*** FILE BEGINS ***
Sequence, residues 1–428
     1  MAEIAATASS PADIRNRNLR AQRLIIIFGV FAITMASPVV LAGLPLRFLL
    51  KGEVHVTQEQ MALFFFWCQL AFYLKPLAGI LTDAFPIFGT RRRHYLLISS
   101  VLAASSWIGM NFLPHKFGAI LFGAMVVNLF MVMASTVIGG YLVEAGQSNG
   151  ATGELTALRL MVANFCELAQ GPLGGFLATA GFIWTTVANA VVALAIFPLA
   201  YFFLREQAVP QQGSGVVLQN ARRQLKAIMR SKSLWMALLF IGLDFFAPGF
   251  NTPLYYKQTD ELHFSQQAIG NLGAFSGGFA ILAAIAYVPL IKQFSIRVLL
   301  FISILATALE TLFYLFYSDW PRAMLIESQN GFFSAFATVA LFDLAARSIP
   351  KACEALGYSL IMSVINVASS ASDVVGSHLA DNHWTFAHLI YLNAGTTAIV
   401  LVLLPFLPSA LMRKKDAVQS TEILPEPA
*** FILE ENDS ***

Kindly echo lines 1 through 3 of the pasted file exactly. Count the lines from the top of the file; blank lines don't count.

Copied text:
Sequence, residues 1–428
     1  MAEIAATASS PADIRNRNLR AQRLIIIFGV FAITMASPVV LAGLPLRFLL
    51  KGEVHVTQEQ MALFFFWCQL AFYLKPLAGI LTDAFPIFGT RRRHYLLISS